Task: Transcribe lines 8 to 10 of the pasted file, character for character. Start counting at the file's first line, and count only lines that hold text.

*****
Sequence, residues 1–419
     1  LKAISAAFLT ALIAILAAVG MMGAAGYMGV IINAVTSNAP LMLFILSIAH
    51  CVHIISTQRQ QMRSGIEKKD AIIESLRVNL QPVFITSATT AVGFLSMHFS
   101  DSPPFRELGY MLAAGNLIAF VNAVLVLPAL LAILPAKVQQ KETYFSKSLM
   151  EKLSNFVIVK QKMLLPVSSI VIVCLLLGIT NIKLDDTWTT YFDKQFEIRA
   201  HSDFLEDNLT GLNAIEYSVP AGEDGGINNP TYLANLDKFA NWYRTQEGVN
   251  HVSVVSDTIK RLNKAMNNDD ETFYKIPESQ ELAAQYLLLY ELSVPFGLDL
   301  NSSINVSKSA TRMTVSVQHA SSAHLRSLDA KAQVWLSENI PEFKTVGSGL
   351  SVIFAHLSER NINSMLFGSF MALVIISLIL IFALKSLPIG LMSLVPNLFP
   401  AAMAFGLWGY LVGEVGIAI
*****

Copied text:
   301  NSSINVSKSA TRMTVSVQHA SSAHLRSLDA KAQVWLSENI PEFKTVGSGL
   351  SVIFAHLSER NINSMLFGSF MALVIISLIL IFALKSLPIG LMSLVPNLFP
   401  AAMAFGLWGY LVGEVGIAI